We're in for a big show in the sky Sunday night. A super moon and a total lunar eclipse are happening at simultaneously, meaning we're in for a treat to see a super blood moon.
It's called a super moon because it will appear 14 percent larger. (The moon has an elliptical orbit so it appears larger when it gets to the point closest to Earth.) It is also a total lunar eclipse, which gives it the reddish color.
VIDEO: Learn more about the phenomenon from NASA scientist Dr. Alex Young, as he joins us via satellite from the Goddard Space Flight Center in Greenbelt, Md.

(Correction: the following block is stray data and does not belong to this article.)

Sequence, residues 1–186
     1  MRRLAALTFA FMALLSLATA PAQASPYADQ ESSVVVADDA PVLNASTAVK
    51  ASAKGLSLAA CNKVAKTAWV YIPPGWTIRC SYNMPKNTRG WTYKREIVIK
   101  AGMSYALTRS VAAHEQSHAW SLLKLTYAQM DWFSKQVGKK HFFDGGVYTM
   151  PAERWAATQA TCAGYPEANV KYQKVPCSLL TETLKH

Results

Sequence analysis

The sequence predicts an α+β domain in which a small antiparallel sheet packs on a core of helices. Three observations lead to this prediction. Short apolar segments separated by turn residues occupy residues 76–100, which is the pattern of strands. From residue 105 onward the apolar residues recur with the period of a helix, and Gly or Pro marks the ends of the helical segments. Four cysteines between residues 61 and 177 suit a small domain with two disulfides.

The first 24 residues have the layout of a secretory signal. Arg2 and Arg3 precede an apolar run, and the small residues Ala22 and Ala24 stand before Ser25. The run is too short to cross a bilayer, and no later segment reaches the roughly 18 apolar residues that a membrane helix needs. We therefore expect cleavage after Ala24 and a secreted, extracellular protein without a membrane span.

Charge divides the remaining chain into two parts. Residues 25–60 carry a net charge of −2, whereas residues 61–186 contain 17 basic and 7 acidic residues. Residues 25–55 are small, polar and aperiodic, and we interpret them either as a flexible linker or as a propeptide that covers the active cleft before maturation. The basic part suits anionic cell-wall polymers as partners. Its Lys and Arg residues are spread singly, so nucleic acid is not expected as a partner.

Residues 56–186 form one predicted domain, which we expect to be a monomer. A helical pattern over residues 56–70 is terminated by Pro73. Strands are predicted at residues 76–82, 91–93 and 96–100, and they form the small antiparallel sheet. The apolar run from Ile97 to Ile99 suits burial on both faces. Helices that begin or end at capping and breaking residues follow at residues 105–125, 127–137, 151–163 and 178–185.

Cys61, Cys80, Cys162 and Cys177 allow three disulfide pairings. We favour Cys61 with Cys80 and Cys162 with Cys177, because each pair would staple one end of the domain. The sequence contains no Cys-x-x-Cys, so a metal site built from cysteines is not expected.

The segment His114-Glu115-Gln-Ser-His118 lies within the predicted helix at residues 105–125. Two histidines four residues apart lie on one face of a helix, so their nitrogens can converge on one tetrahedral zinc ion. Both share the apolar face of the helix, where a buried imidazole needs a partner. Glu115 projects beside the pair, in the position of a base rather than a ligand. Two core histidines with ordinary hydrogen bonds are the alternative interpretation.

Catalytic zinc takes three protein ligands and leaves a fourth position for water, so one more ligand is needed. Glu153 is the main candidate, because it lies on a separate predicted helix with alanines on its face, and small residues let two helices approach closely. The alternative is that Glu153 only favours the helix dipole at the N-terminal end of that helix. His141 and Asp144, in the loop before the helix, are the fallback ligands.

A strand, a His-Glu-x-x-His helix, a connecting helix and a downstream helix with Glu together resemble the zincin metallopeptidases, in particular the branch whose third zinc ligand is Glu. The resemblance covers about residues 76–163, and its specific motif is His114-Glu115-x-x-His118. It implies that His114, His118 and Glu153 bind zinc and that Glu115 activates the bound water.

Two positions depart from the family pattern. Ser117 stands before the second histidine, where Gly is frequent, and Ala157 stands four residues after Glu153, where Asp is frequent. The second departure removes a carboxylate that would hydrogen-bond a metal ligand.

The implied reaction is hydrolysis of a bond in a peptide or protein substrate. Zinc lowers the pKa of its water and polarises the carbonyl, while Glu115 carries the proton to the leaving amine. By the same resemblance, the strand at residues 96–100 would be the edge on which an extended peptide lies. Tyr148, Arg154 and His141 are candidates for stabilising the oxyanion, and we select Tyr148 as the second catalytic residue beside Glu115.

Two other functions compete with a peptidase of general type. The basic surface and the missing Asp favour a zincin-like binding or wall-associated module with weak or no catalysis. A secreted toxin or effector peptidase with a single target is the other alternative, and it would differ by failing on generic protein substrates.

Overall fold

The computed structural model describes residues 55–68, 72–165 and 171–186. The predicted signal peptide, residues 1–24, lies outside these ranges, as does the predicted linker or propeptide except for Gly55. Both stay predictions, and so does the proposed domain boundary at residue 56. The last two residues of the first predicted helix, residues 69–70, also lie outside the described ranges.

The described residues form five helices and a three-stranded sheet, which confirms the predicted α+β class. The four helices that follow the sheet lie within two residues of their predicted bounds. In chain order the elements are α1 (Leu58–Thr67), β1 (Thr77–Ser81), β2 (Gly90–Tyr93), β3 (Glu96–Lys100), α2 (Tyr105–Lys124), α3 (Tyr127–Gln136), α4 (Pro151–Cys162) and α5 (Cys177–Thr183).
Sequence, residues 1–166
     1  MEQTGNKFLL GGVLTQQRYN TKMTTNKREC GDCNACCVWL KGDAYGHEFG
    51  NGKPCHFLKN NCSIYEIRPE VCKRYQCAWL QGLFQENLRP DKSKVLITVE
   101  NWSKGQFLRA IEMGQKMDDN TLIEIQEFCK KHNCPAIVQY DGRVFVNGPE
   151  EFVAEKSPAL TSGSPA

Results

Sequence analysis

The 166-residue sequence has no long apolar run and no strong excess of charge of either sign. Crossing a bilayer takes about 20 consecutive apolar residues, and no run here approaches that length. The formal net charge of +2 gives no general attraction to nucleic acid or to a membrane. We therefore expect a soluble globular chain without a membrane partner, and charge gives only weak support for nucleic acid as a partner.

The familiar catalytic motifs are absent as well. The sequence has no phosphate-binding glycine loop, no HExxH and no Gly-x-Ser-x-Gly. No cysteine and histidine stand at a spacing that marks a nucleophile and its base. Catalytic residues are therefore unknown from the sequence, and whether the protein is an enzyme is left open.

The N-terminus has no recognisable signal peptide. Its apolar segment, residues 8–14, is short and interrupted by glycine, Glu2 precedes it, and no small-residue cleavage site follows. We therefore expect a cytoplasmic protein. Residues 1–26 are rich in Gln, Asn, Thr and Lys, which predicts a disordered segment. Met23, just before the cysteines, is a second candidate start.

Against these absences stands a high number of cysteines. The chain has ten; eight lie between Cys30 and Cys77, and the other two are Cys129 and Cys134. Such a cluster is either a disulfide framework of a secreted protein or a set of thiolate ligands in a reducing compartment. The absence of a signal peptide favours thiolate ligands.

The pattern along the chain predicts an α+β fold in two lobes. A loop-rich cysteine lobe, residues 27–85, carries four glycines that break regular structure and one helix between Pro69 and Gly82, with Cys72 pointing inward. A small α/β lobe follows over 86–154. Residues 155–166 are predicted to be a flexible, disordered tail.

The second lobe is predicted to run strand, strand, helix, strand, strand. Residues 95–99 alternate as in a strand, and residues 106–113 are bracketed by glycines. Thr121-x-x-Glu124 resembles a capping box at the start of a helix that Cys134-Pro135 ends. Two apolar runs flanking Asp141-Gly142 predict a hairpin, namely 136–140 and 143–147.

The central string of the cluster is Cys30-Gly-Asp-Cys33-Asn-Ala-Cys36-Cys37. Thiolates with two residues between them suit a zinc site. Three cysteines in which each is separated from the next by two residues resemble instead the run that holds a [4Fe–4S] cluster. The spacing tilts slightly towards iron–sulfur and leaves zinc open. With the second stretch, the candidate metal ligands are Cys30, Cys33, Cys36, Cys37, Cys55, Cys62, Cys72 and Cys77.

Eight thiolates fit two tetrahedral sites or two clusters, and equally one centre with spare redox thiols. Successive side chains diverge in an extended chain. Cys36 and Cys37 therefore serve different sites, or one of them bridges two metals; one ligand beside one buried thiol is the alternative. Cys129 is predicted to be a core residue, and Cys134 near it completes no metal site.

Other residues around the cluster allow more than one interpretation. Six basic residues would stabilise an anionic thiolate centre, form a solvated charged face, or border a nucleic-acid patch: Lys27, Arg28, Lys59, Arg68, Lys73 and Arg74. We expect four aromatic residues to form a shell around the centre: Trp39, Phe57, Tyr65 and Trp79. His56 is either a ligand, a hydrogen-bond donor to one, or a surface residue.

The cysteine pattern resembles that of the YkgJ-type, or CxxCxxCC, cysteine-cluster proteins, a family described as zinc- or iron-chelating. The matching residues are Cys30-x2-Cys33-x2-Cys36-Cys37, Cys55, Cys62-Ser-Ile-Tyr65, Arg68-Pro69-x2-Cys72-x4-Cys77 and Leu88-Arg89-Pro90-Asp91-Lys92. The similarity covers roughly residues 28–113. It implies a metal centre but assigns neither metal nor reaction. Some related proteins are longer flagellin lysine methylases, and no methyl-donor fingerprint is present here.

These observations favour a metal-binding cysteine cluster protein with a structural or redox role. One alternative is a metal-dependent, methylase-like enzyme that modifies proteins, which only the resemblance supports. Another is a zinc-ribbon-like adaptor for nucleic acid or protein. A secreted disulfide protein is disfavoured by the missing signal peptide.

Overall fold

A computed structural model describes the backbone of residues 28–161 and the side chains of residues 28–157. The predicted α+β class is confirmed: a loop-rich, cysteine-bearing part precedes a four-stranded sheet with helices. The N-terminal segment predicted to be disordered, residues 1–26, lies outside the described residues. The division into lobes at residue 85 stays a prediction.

He explains that a total lunar eclipse is when the moon moves into the shadow of the Earth, so "you're seeing all of the sunrises and sunsets around the Earth at that particular time that's being cast onto the moon, and that gives it this red color."
He says it will start around 9 p.m. and last for about an hour. The best part? No special glasses or binoculars needed.
A super blood moon hasn't been seen in the sky for 33 years, and it won't be seen again for another 18 years.